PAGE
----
A Rose for Melinda
The young adult section of my library has scads of books by Lurlene McDaniel, and they go out all the time. So when I was given a chance to review her newest, A Rose for Melinda, I jumped at it. I was long overdue to read McDaniel, but I’d hesitated because her books always seem to be about illness and death. After reading this one, I can see what teens like about her.
Melinda Skye and Jesse Rose meet in the first grade, and Jesse is instantly smitten. The two of them form a fast friendship that survives the wreck of Jesse’s parents’ marriage and his subsequent move to California. They share Christmas cards and other letters, and Melinda begins to dream of Jesse – when she’s not studying ballet, that is. But just as it looks like their long-distance friendship might turn into love, Melinda discovers she has leukemia. Her parents are willing to do anything to save their daughter, even fly in Jesse for moral support. Can Melinda survive the fight for her life?
A Rose for Melinda was a brisk little read; I read it in about an hour and a half. The story is told using snippets from letters, journals, emails, cards, school progress reports, and medical records, which allows the reader to get into the heads of all of the people who love Melinda – her parents, Jesse, and her best friend Bailey. McDaniel touches on some serious issues. Besides Melinda’s struggle with leukemia, other characters must deal with parental divorce and abandonment and the long-term effects of a family breakup.
For the most part, all of the characters’ thoughts and feelings seem very natural and lifelike. Melinda and Bailey are navigating early adolescence, and their thoughts and dialogue ring true. They use hip, youthful language and giggle about boys. Melinda’s mother’s journal entries are much more solemn, mature, and reflective. The entries were all fairly brief, so my attention was in no danger of wandering off. But the flip side of this book’s format is that all of this after-the-fact first person narrative lends a distant and impersonal air to what’s going on. And Melinda’s rougher emotions are not truly explored because the story moves along at such a steady clip and doesn’t have page space for the kind of repetitive emotion battling cancer would produce. Toward the end of the book, Melinda seemed rather suddenly resigned to her illness.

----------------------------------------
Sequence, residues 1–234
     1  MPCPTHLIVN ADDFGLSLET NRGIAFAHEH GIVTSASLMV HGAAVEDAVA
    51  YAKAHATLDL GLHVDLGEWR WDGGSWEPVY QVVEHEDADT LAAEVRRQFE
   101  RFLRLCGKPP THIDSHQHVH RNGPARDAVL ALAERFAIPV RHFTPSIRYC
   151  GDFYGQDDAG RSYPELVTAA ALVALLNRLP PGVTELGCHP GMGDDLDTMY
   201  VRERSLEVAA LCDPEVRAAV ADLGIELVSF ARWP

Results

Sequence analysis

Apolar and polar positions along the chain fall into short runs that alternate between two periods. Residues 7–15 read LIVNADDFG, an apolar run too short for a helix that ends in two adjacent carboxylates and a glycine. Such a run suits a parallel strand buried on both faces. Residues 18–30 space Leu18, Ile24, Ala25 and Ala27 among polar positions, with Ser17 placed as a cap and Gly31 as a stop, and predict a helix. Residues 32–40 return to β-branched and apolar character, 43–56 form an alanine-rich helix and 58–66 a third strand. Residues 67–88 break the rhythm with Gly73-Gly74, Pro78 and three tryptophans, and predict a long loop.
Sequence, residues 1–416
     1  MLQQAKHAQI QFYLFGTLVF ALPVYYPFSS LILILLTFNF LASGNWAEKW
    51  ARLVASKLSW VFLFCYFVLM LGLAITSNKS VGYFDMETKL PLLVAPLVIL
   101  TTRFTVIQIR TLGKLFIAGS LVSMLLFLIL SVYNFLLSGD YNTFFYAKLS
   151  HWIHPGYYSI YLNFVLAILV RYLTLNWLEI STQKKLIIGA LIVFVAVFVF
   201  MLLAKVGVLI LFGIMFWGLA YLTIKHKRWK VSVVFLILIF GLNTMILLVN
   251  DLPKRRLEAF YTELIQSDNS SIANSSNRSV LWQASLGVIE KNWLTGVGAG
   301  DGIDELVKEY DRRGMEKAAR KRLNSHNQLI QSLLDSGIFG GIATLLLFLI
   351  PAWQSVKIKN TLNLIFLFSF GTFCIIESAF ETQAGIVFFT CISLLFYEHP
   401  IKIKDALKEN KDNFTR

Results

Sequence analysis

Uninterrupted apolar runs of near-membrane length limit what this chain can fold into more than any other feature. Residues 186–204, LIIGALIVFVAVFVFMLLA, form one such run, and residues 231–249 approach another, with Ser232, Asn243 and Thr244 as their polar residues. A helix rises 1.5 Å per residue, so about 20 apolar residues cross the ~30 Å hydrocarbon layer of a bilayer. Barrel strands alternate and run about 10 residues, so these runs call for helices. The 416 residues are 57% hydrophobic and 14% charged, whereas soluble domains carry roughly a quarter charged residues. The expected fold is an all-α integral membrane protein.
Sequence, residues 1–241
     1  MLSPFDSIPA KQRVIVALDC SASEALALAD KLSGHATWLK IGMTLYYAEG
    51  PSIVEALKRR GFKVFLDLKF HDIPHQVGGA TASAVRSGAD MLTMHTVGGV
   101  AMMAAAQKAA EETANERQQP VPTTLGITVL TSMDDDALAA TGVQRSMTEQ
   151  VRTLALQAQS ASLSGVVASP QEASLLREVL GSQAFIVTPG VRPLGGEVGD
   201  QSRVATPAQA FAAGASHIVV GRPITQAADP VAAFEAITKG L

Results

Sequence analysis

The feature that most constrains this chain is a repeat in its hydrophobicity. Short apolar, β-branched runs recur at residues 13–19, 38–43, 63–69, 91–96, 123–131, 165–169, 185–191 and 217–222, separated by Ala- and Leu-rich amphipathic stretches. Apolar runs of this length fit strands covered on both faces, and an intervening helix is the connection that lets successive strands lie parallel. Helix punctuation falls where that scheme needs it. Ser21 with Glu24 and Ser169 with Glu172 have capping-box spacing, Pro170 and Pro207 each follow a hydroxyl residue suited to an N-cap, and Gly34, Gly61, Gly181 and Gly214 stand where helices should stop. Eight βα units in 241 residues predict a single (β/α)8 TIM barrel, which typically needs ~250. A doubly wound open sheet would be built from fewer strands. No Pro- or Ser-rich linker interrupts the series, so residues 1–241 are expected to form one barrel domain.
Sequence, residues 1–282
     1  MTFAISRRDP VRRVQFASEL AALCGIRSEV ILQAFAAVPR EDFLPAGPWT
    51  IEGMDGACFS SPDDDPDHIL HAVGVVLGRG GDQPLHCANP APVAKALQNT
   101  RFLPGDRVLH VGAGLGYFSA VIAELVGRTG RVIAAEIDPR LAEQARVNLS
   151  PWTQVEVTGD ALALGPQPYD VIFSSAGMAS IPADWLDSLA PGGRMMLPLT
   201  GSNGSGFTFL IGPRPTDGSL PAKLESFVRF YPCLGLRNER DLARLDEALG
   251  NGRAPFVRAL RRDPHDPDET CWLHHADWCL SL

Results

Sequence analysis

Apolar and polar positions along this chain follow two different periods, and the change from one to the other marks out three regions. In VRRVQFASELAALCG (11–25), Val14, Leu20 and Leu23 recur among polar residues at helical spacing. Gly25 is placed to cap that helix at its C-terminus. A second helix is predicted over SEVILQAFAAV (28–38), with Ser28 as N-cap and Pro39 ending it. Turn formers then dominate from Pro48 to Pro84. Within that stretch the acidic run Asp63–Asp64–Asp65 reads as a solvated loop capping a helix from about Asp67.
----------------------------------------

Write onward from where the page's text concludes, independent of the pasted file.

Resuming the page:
Without giving spoilers, I can’t say whether there’s a Happily Ever After for Melinda and Jesse, but their relationship is gently romantic and considerate and the end of the book is touching. A Rose for Melinda was a tough book to grade. The story McDaniel tells is not the kind of story I generally like to read, but she tells it well. Some serious issues are presented, but nothing your typical teen couldn’t relate to, and the book does a good job telling a story about coming to terms with the unfortunate hands sometimes people are dealt.